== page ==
I attended the annual Internet Librarian conference, and was inspired by Anne Karle-Zenith’s presentation about the recent work of the Metropolitan New York Library Council (METRO). Anne was lead on a digital archiving project funded by Knight Foundation. Culture in Transit focused on smaller collections and individuals to digitize and democratize metropolitan New York’s cultural heritage. The project has two parts: digitizing smaller collections from cultural heritage institutions part of METRO and community archiving events.
The first half of this project consisted of a lone archivist traveling with 40+ pounds of equipment on subways and trains to pre-selected institutions in New York City and Westchester County. The archivist would spend two weeks scanning and photographing objects, then another two weeks inputting these items so they would appear in Digital Culture of Metropolitan New York online collection and Digital Public Library of America.
One of the chosen cultural heritage collections was from the LGBT Community Center. The collection selected for digitization were guides from the late 1960s. These guides listed gay-friendly establishments and current events. Anne pointed out in her presentation, these guides provide a way to map a historic cultural landscape not previously available.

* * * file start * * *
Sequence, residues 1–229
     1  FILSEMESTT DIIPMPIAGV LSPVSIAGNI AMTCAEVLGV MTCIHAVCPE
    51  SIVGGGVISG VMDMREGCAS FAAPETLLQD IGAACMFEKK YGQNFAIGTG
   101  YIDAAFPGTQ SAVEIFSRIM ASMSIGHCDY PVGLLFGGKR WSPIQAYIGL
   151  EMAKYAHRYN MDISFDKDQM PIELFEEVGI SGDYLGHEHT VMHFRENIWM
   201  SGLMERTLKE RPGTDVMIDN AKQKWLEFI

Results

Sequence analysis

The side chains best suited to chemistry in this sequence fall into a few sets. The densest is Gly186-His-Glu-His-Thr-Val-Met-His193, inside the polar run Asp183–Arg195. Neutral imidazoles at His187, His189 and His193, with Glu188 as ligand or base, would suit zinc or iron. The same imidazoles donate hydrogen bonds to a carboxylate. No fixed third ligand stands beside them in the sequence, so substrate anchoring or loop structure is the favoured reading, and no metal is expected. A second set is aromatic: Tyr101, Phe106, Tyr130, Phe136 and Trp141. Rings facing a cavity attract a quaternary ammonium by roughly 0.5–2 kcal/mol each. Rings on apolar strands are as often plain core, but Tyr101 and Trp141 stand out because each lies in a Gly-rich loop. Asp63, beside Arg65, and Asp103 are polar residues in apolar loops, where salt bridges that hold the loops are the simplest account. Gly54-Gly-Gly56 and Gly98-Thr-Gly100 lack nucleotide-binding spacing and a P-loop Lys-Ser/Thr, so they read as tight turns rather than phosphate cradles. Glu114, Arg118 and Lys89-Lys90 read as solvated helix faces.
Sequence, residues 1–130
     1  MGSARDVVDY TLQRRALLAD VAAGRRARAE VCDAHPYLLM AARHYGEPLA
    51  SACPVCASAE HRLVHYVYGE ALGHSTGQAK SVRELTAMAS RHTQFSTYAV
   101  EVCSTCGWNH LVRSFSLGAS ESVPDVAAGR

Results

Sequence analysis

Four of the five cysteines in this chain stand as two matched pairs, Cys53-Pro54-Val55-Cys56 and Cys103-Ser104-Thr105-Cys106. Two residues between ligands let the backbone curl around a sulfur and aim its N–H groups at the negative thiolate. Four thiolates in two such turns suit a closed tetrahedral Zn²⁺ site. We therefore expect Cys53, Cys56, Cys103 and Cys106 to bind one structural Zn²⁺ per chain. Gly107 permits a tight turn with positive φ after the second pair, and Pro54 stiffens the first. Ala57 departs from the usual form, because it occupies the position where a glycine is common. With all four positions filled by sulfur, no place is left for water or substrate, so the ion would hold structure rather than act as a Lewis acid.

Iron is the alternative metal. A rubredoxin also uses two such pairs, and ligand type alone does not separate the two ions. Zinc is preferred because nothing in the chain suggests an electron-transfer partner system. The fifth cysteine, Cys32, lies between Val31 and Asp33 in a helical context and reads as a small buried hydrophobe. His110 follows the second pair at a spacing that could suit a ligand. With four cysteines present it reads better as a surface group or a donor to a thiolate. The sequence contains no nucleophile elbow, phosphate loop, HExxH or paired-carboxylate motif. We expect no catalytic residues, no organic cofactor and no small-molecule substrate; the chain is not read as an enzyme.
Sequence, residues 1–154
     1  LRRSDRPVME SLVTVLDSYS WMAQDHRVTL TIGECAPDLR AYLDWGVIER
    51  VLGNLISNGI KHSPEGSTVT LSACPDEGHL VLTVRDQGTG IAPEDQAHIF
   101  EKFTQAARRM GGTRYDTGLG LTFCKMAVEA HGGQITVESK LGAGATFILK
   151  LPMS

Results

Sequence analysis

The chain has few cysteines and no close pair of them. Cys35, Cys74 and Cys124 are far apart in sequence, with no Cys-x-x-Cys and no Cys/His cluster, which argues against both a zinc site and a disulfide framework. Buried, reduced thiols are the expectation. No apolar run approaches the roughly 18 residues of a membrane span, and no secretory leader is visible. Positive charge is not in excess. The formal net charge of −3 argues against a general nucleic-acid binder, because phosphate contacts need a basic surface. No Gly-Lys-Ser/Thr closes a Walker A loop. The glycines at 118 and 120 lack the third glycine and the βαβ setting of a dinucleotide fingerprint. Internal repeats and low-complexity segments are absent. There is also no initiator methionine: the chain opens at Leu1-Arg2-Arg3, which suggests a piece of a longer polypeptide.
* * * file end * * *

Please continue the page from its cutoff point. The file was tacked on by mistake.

The second part of the project involved community members bringing in their maps, documents, news clippings, oral histories, sounds, and images to library-hosted events. These events took place at libraries, churches, bars, and schools. A community member would sit with a staff member, show them their collection, and share their stories. Items would then be chosen for archiving, digitized, and described on-site. At the end of the day, community members left with their original items and digitized versions on flash drives.
Two libraries had community events, the first was the Queens Library for the Queens Memory Project. Queens is the most diverse county in the US, and these many stories are brought together through standard access points such as year, place, and object type. Browsing by “Astoria (New York, NY)” interviews about the hair salon on 30th, Richard walking his dog in 1963, and a family portrait of the Ahmad family are collected together.
Queens Library also cultivated community partnerships to build a more diverse collection. They collaborated with an arts project, My Baryo, My Borough, that works to document the Filipino-American community in Queens. Without these partnerships community members may not have considered one of the community events, or not have participated due to language barriers.
Brooklyn Public Library began creating an oral history archive, Our Streets Our Stories. The project is now a podcast in the iTunes store, and if you subscribe a new podcast arrives to your phone weekly. Their work has won them the 2016 Apple Award for “Outstanding Achievement in Radio Program/Podcast”. Take a listen!
If you or your organization is interested in participatory archiving check out their newly launched Culture in Transit Toolkit. They show how it is they do what they do: planning community digitization events, working with institutions, and their equipment lists.
A big thank you to Anne Karle-Zenith and Caroline Catchpole, the Mobile Digitization Specialist out of METRO, for helping with this article and providing images.
Have fun exploring!
UW-SAA Publicity Officer 2016-2017